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Growing Succulents in the Desert Column, July 2010

(List of Growing Succulents in the Desert columns)

Cochemiea - The Red-Flowered Pincushions

By Mark Dimmitt

(This article may only be reprinted with the permission of the author)

What would you get if a Mammillaria adapted to hummingbird pollination? You would get a Cochemiea. A typical pincushion flower is a small pink funnel. Imagine elongating that funnel, making it narrowly tubular, and changing the color to bright red. Now you have a Cochemiea (Figure 1).

Cochemiea is a small genus of only five species, all endemic to Baja California. The plants vary from tight clusters of stout stems like a hedgehog cactus (e.g., C. setispina, Figure 2), to long, thin, creeping stems (e.g., C. poselgeri, Figure 3). All five species have clusters of tubular red flowers that are borne at the stem tips following summer rains.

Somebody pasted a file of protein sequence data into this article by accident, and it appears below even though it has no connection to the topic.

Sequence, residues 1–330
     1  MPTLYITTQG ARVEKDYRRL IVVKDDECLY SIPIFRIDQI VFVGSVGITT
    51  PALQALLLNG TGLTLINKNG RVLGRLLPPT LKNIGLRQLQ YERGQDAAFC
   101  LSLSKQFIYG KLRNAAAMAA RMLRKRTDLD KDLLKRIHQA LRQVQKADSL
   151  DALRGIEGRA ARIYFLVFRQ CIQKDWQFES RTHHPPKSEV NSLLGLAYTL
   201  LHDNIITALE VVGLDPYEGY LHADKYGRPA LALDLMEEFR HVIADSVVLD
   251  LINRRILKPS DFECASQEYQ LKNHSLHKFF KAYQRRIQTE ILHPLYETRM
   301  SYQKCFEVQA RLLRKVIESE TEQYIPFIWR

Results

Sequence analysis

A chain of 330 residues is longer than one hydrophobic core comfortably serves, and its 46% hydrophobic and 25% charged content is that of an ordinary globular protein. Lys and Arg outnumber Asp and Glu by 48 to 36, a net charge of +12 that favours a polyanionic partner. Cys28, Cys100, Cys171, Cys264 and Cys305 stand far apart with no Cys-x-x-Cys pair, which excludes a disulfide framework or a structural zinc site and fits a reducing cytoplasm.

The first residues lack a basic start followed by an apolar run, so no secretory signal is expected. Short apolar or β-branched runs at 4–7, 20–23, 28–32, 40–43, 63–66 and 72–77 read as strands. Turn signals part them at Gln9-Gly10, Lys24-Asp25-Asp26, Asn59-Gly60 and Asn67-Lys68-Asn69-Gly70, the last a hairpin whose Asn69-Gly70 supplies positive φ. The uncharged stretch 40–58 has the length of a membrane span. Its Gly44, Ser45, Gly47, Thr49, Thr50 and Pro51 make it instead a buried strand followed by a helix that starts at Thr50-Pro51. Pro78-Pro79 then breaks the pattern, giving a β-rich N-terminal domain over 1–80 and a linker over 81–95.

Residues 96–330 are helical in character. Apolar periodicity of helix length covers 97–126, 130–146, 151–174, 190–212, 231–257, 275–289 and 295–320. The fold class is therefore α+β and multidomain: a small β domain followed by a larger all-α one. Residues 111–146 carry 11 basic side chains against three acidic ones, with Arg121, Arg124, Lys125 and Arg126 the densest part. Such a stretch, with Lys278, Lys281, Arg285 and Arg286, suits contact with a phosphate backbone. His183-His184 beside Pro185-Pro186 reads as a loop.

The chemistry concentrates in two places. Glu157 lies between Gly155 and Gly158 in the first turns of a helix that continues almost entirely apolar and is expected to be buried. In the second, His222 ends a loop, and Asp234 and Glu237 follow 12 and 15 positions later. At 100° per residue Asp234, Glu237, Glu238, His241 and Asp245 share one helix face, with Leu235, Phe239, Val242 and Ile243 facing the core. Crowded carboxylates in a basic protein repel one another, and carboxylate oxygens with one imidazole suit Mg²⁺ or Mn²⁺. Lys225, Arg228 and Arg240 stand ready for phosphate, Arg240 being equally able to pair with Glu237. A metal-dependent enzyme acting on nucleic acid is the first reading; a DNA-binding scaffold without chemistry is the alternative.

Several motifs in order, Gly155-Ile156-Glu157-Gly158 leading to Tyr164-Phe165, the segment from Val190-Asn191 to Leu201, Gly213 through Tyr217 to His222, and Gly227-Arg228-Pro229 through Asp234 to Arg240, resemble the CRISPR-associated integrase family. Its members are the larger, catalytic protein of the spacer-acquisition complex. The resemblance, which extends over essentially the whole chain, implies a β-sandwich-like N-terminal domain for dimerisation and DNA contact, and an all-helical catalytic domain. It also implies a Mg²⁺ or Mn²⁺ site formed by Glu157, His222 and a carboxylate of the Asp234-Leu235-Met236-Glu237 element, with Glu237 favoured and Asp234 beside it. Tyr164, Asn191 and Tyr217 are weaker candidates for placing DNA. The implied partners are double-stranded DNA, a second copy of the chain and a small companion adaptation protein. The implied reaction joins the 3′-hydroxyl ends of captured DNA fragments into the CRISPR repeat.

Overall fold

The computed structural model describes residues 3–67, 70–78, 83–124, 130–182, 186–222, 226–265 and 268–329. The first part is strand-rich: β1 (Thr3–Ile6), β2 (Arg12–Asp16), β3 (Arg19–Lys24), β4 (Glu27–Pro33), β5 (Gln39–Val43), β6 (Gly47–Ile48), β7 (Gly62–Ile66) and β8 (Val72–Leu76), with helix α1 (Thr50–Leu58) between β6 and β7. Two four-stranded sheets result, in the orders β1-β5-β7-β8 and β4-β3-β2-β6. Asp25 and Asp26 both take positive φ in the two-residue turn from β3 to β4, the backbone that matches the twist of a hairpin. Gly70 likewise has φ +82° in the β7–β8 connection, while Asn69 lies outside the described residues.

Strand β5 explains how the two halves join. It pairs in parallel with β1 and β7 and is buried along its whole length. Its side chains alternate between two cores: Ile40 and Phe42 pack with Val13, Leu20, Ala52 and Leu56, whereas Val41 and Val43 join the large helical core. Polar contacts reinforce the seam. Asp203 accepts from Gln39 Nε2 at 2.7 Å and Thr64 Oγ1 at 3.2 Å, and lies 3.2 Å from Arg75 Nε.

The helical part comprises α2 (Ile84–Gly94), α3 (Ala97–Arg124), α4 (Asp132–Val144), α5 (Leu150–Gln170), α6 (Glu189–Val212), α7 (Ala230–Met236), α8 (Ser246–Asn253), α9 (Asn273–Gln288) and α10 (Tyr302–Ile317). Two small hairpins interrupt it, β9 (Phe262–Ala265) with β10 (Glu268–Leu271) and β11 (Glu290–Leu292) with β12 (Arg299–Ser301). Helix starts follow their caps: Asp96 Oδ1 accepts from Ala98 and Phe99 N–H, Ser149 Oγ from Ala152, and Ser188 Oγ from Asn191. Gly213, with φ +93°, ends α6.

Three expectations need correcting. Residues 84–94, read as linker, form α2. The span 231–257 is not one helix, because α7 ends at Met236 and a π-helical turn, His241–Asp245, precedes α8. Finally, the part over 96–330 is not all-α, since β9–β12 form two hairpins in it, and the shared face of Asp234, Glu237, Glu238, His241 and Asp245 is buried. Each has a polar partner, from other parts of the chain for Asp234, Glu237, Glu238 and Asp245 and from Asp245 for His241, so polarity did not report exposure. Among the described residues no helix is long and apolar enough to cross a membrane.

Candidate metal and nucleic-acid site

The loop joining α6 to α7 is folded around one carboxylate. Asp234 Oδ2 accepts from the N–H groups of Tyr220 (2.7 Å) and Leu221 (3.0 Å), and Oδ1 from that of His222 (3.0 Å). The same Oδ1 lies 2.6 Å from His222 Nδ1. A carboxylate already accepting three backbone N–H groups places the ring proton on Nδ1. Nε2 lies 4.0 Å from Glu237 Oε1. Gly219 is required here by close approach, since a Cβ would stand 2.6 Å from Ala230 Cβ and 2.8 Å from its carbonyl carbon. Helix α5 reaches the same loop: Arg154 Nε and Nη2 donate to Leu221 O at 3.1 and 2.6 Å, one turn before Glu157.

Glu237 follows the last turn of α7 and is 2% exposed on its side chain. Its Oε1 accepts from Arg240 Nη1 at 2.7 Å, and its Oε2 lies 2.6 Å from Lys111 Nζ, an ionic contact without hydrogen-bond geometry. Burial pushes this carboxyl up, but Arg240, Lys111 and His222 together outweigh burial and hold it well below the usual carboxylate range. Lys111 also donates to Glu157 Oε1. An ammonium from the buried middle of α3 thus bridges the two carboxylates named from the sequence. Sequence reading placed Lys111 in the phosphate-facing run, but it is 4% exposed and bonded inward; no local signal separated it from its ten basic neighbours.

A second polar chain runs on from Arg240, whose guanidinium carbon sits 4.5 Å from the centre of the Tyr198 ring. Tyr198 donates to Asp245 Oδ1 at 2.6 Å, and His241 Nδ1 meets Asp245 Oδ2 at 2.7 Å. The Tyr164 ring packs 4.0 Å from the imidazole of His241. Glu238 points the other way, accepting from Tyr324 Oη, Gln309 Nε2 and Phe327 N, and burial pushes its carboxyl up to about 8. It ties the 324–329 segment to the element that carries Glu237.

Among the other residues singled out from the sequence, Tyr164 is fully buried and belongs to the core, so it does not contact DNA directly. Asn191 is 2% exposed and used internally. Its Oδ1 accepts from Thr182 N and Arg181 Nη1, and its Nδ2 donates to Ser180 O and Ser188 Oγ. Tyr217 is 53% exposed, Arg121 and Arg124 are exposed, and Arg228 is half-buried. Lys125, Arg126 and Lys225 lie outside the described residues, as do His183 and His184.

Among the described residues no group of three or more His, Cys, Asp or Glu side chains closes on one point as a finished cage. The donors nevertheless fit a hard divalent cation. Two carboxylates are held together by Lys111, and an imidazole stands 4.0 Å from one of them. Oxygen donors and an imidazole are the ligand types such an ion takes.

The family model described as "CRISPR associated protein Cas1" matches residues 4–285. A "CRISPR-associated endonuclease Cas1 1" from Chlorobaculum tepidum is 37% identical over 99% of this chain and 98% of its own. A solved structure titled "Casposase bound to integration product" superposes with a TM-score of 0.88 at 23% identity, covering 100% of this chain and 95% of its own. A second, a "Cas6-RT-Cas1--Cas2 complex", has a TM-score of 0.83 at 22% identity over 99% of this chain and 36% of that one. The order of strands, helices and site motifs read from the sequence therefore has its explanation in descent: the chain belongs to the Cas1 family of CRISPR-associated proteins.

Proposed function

Cochemieas are as easy to grow as most Mammillarias. Cochemiea setispina tolerates desert heat and nearly to completely full sun. It is also hardy to at least the mid teens F. Cochemiea poselgeri is very heat tolerant, but its creeping stems require filtered sun. This tropical species is also frost tender. The other species grow along the Pacific Coast of Baja California, and are less heat tolerant than the first two. In habitat these cacti experience a long winter dry season, which does not seem to be critical in cultivation. However, if they are kept dry for several months, a good watering during the hot season will trigger a big flush of bloom that lasts about two weeks. (Figures 4, 5 ). With regular watering they tend to flower sporadically and sparsely over a longer period.

Unfortunately, this beautiful genus is difficult to find in nurseries.

List of Growing Succulents in the Desert columns